Court rejects associational standing as well

In addition to the individual doctors, the case was also brought by a group of medical associations on behalf of their members. The Court found that these associations also failed to establish standing to bring suit. The associations argued that, in addition to injuries claimed by their doctor members, they too had suffered injury in fact because of the costs and time spent investigating the safety of mifepristone and presenting their findings while advocating for the drug’s removal.

The Court’s opinion rejected this argument, saying that an association without a concrete injury “cannot spend its way into standing simply by expending money to gather information and advocate against the defendant’s action.”

In his concurrence, Justice Thomas went a step further, stating that he has “serious doubts that an association can have standing to vicariously assert a member’s injury.” The Justice indicated that, while in this case it was not necessary to overturn the Court’s precedents to the contrary, the Court should revisit the topic when the appropriate case presents itself.

So who can challenge the FDA?

During oral arguments, several Justices asked the parties what would happen if they found that the plaintiffs in this case lacked Article III standing. Both sides indicated that there was a distinct possibility that, if these plaintiffs were not found to have standing, then it was possible that no one could challenge FDA’s approval and regulation of mifepristone.

Justice Kavanaugh addressed this in his opinion, noting that even if there were no identifiable alternate plaintiff, the Court had historically refused to allow the “if not us, who?” argument as a basis for standing. He added that some issues are best left up to the political and democratic processes.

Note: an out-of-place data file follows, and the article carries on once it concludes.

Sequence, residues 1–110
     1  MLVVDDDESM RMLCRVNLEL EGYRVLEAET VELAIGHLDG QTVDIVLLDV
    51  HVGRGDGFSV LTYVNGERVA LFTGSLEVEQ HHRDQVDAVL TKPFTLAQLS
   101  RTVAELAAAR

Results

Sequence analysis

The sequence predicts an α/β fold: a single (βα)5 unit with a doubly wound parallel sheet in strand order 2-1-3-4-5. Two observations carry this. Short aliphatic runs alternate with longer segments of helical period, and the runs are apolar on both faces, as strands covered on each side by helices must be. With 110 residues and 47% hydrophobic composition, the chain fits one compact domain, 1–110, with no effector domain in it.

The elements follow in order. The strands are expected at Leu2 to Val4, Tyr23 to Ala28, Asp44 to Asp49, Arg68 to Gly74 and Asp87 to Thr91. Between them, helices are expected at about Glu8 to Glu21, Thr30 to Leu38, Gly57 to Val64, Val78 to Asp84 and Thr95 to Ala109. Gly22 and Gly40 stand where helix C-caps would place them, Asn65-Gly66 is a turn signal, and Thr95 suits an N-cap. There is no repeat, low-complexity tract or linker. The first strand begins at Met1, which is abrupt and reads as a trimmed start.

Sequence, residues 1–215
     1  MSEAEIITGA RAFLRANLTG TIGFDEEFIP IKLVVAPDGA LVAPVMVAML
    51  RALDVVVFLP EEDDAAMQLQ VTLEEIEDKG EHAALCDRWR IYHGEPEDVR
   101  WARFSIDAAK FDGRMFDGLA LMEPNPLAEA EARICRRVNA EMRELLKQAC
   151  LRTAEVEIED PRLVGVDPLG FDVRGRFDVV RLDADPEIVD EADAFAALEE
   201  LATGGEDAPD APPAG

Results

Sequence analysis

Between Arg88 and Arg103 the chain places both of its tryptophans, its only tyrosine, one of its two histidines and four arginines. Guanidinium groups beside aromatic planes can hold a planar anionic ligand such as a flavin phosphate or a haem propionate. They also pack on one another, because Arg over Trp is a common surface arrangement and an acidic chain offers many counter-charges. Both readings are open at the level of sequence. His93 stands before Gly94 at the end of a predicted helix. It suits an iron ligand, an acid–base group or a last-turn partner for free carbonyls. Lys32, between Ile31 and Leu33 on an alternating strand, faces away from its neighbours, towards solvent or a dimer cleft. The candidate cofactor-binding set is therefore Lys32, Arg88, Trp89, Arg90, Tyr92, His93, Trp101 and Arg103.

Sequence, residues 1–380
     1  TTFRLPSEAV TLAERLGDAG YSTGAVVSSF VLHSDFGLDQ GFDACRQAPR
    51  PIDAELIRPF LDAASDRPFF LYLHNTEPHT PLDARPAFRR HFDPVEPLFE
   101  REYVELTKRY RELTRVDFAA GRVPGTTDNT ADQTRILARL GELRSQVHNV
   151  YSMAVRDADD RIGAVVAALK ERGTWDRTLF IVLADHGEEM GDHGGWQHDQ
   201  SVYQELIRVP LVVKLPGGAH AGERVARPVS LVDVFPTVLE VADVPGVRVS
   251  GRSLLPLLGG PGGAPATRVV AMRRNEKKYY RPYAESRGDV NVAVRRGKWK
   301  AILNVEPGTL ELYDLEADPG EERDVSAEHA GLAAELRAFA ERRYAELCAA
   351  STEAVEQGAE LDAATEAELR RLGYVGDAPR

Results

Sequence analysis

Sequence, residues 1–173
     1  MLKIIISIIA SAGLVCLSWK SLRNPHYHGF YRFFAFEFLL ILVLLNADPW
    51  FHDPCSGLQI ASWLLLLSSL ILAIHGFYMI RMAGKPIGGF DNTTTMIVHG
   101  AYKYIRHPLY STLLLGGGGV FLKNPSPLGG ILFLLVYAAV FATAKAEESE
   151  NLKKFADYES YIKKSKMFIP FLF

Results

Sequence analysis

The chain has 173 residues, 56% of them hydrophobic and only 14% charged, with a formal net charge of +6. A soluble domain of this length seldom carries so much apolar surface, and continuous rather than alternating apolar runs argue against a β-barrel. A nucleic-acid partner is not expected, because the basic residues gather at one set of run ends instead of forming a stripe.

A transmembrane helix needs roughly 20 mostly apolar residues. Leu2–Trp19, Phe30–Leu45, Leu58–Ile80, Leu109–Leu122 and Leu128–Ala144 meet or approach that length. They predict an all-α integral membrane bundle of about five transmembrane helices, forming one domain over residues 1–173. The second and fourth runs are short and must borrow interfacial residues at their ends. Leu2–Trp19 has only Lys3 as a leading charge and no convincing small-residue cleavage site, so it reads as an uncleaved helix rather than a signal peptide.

What now?

In the wake of the Court’s decision, the FDA program to certify pharmacies for distribution of mifepristone and the relaxation of the in-person requirements will continue unabated. Some pharmacies have already applied for and obtained approval to dispense the drug under the FDA’s current rules in states where pharmacy dispensing is permitted.

However, we foresee a long road ahead for challenges to mifepristone. Comments during oral arguments on the impact of the Comstock Act, as well as claimed shortcomings in FDA’s review processes, left open the possibility that at least some of the Justices might be open to a decision for a proper challenger on the merits.

In other arenas, challenges to various state laws that restrict the dispensing and prescription of mifepristone continue to progress. Additionally, there are other challenges to FDA’s regulation of the drug that have been on hold pending the result in this case. Those lawsuits, brought by states that support abortion access in federal courts in Washington and Virginia, assert that the FDA should not have any heightened restrictions on the dispensing and prescription of mifepristone. Those cases are expected to proceed again now that the Supreme Court has reviewed this case, even in the absence of a decision on the merits.

Reed Smith will continue to follow developments in the post-Dobbs abortion landscape and, particularly, in the regulation of mifepristone. If you have any questions about this, please reach out to the health care lawyers at Reed Smith.